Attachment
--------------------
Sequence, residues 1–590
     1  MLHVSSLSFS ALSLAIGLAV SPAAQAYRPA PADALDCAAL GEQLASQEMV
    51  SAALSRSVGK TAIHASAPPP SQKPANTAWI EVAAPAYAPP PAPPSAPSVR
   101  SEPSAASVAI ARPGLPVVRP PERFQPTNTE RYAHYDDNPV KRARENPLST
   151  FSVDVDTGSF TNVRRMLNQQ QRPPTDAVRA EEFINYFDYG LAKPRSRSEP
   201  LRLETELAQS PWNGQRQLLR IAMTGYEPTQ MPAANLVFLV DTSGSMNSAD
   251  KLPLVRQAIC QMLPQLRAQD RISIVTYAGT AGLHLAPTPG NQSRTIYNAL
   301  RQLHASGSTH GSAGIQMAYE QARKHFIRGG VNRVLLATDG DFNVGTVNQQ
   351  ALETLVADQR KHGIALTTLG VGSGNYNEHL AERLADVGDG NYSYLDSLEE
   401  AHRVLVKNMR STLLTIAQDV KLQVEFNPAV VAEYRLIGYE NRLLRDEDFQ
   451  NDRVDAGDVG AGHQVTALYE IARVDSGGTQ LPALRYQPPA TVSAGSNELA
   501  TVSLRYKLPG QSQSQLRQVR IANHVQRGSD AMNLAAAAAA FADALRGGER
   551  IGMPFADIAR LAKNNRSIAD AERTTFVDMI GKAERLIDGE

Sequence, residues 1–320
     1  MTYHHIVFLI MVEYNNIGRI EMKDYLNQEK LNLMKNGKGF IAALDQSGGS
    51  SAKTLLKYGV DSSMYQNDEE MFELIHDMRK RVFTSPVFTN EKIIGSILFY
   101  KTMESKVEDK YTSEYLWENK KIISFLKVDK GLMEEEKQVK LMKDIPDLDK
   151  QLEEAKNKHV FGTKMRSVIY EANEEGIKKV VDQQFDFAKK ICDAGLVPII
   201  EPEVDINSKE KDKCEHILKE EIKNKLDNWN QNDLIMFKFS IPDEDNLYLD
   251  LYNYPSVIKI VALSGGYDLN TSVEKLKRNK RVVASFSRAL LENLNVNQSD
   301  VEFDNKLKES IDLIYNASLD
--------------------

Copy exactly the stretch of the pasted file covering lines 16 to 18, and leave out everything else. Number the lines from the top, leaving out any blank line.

    51  SAKTLLKYGV DSSMYQNDEE MFELIHDMRK RVFTSPVFTN EKIIGSILFY
   101  KTMESKVEDK YTSEYLWENK KIISFLKVDK GLMEEEKQVK LMKDIPDLDK
   151  QLEEAKNKHV FGTKMRSVIY EANEEGIKKV VDQQFDFAKK ICDAGLVPII